Claire Chabrières
Founder – ShiokFarm
Claire’s Introduction

Entrepreneurial by nature, Claire started ShiokFarm in 2015 when realising the high prices for organic fruit and vegetables in Singapore. Based on the French AMAP model, in which Farmers and a community create a partnership in order to reduce food waste and cost, ShiokFarm aims to provide families and offices in Singapore with affordable organic fruit and vegetables while reducing food waste. Starting with a small Facebook group, Claire has succeeded in making ShiokFarm an outstanding organic business.

Tell us more about ShiokFarm and its genesis?

ShiokFarm was created in 2015 to bring affordable and traceable organic fruit & vegetables to families in Singapore. ShiokFarm partners with farms and commits to buy their harvest. The produces are then split among our members through different weekly bags, curated to our members' needs.
Most of the farms ShiokFarm partners with are located in Thailand and Malaysia. To allow variety in the bags, ShiokFarm occasionally brings produce from Australia.
We work mainly with nearby countries and bring in produces by truck. Indeed, the carbon footprint to bring produces by plane is very high. If we take the example of a family that eats 10kg of organic fruit and vegetables every week flown in to Singapore by plane from Australia, this family will need to plant three trees every year to offset the carbon footprint generated by the flights of their produces. These trees will have to grow for 40 years. If you bring in your fresh produces from Thailand by truck (which is what ShiokFarm does), then the family will have to plant a tree every ten years.

Which processes did you follow to eco-design your services? to responsibly source your F&B suppliers?

Whenever we look at a new partner, we check a few things:

- their organic certification
- what is the carbon footprint to bring in produces from their farm
- their packaging
- their motivation to grow organic food

What were your difficulties & challenges in creating sustainable services? How did you overcome them?

Our main difficulty was to make people change their habits. This required a mix of patience and determination. 
Our farms in Thailand used to send us their produces with everything wrapped in plastic. It took me a good 6 months to make them stop doing so.
It took me 4 years to make them use trucks to bring produces down from Thailand.
We are happy to have funny looking vegetables/fruit. This is still a challenge and most of the time, they would not send us these not perfect looking produces.

It is very human to resist change, but I think it is very important to understand why people are resisting. In the farms cases it was because plastic helps maintain the freshness of produces longer. And airplanes bring the goods in a few hours, when it takes two days to a truck to come down from Thailand. Farmers biggest fear is to have us complain about freshness issues. We did a lot of trials, a few fails, but now it works.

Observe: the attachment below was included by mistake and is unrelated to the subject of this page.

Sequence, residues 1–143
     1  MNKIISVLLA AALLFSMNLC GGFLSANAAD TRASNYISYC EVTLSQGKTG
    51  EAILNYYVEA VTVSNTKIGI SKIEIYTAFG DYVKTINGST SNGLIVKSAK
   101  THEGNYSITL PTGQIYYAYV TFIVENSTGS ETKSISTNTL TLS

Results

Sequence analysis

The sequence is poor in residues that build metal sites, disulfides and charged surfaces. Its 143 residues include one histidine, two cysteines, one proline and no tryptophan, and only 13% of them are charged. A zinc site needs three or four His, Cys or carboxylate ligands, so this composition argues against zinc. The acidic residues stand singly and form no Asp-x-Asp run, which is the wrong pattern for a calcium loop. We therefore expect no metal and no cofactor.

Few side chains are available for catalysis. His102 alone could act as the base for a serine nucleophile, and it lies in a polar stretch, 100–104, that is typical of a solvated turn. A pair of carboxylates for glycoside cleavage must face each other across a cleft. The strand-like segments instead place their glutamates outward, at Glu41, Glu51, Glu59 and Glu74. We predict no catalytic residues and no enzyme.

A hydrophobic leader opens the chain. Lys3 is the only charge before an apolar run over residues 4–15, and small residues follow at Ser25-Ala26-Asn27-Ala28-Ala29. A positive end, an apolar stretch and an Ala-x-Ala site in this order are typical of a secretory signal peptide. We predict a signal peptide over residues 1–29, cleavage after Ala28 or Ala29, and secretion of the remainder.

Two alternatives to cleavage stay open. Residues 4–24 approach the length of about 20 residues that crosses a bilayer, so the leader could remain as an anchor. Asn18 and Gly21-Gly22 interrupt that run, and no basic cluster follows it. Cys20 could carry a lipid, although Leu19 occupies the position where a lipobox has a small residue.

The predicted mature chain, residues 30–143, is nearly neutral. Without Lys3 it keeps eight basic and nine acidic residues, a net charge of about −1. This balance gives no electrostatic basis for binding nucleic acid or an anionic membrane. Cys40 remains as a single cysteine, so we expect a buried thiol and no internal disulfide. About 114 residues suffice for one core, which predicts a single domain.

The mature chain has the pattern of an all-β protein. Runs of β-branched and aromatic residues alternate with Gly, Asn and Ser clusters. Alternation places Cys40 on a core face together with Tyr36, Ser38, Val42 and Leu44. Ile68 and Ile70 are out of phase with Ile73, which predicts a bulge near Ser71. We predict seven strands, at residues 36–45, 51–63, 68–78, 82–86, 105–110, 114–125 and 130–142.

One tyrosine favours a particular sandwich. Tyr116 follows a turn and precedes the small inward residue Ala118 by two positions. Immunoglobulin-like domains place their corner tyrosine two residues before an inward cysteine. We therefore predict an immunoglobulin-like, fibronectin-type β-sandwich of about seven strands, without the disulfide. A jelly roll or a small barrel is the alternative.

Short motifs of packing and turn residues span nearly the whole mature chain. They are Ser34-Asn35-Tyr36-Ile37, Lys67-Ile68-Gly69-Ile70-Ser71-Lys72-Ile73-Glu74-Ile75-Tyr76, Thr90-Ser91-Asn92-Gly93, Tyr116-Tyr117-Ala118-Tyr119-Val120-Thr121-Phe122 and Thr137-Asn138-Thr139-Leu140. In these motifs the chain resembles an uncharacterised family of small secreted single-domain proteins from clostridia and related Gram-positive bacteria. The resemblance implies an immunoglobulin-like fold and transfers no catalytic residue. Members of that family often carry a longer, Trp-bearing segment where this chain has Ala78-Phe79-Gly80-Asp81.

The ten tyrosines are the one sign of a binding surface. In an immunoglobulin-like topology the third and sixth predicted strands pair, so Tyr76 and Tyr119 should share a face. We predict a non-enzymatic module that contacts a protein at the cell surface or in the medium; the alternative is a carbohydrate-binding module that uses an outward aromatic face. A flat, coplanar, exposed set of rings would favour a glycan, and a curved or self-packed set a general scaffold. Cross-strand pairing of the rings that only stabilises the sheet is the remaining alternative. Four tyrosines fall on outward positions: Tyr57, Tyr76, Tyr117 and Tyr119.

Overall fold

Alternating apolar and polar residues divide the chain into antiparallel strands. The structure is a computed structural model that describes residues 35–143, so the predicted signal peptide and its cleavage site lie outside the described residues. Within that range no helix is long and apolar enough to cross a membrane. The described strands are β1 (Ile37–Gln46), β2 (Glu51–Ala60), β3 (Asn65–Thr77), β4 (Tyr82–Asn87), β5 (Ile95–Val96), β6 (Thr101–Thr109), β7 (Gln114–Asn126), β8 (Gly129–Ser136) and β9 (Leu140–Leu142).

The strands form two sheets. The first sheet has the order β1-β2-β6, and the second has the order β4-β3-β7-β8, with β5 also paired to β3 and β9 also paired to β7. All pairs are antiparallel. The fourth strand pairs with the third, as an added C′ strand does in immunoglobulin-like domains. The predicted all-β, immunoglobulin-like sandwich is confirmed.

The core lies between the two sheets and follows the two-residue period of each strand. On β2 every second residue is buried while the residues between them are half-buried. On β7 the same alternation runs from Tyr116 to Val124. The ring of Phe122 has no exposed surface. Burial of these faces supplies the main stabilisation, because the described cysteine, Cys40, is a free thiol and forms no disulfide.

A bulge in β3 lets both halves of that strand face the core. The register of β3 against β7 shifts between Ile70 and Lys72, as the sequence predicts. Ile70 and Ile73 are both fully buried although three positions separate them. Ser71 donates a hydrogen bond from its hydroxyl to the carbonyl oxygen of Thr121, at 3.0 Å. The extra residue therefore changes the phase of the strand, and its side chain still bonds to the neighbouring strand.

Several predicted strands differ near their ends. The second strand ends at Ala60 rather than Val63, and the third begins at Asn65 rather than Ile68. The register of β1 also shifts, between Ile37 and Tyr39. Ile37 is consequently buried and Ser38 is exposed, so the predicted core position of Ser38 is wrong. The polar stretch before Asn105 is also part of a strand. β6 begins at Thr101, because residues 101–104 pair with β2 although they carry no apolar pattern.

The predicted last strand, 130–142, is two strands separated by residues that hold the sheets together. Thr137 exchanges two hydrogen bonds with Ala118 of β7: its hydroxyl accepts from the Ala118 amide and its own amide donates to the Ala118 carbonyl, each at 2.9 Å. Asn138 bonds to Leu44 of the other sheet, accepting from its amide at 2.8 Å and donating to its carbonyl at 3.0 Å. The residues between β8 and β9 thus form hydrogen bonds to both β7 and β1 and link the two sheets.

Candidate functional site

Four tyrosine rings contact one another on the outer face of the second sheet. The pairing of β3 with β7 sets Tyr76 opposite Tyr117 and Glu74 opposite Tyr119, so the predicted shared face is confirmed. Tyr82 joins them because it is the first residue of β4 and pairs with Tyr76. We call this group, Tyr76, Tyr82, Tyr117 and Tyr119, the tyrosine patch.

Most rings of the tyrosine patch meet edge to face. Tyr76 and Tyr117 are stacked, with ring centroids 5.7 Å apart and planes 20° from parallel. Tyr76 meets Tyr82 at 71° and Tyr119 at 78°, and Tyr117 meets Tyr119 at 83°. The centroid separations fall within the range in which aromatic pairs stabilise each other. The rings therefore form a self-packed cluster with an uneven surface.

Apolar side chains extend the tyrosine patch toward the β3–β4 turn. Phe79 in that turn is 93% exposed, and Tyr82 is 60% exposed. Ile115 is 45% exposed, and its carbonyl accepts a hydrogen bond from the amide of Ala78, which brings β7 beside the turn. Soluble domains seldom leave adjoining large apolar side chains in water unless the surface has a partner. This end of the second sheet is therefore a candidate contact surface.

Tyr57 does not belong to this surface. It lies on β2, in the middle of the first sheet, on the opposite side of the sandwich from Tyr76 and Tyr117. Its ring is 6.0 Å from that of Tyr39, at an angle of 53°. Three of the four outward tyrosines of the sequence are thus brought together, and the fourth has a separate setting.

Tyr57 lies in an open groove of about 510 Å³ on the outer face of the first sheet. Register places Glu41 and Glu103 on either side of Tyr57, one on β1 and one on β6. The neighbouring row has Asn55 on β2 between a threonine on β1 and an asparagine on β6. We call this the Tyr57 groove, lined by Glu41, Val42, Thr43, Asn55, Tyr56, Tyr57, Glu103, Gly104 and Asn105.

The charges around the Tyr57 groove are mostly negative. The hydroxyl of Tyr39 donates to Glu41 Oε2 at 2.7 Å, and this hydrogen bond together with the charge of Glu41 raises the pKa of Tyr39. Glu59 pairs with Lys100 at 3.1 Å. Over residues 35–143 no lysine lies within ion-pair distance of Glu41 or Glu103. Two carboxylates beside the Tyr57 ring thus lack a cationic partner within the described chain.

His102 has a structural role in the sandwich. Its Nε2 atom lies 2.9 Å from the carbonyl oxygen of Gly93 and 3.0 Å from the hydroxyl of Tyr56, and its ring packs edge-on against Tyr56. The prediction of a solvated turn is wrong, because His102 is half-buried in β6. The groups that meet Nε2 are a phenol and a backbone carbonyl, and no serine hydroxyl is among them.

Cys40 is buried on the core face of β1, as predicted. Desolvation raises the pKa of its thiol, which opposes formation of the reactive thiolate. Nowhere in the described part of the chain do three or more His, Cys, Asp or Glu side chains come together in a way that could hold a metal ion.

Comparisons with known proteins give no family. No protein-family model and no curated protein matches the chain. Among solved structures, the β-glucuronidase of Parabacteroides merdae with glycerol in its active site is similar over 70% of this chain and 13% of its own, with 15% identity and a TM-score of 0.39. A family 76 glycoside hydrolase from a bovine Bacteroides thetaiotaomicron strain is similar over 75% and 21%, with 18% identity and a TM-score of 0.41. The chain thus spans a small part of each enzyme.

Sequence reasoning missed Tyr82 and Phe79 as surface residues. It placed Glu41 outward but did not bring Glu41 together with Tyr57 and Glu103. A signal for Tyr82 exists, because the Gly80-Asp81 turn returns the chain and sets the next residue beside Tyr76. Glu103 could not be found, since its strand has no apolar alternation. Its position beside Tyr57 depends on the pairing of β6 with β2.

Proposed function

What do you do to avoid food waste? To avoid packaging waste?

Our entire model is based on saving food waste, it is one of ShiokFarm's main goal. We commit with farmers, our members commit with us. Giving a much needed visibility to farmers allows to save a lot on food waste.

To avoid packaging waste, we try to reduce them to the minimum and we then donate our cartons and foam boxes to charities or other farms, whenever possible. We regularly advertise them on social networks and people drive up to our warehouse to pick some up.

What are you most proud of?

Our community and our hosts. We distribute our bags to our community through a network of collection points. These collection points are hosted by people who want to support our project and their community. ShiokFarm is only possible thanks to its community of like-minded people who believe that their consumption choice has an impact on the environment and decided to act upon it.

What would be your top 3 advice to The Matcha Initiative (TMI) users?

I am not sure I am qualified enough to give advices, but I can share what worked for me. :)

1. Ask for help. Do not hesitate to ask for people's input. Join networks of people who are trying to have an impact. People are usually happy to help, especially if your project is a positive one. One day, someone will ask you for help and it will be your turn. It is all a big wheel.

2. Get a coach. Sharing, exchanging ideas will allow you to go much further and faster than if you do things by yourself.

3. Be patient: it is a long road.

How could you help The Matcha Initiative (TMI) users?

I am happy to discuss their project and see how I can help them. I now have a bit of experience with logistics and community building.

Claire kindly accepts to answer your questions.
If you need additional insights, you can send her a message.